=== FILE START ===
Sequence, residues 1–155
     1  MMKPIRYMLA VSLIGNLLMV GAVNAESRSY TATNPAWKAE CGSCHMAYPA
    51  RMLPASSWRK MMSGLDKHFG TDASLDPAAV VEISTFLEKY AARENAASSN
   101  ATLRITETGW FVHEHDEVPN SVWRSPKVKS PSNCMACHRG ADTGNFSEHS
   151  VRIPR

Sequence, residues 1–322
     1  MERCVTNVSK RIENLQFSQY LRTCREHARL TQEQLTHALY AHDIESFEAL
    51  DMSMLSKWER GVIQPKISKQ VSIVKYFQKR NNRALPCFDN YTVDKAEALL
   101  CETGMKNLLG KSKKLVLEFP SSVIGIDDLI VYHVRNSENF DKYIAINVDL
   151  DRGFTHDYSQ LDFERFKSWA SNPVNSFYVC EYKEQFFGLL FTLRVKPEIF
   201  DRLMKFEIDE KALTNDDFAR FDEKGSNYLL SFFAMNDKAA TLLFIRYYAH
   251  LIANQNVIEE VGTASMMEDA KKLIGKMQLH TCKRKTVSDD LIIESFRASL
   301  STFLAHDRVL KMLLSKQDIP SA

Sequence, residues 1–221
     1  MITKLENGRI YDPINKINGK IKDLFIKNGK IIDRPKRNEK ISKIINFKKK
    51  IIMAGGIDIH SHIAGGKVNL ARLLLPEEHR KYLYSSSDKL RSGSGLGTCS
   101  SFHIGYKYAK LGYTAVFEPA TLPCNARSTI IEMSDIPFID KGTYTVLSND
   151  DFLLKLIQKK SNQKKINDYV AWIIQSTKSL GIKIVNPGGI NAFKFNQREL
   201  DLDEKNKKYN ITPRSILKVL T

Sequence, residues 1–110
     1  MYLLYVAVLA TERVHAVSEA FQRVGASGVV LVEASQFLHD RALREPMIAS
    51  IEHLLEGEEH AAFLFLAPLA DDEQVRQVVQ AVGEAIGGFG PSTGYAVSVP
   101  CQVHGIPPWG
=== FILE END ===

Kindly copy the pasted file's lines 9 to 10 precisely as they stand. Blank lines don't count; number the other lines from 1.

   101  CETGMKNLLG KSKKLVLEFP SSVIGIDDLI VYHVRNSENF DKYIAINVDL
   151  DRGFTHDYSQ LDFERFKSWA SNPVNSFYVC EYKEQFFGLL FTLRVKPEIF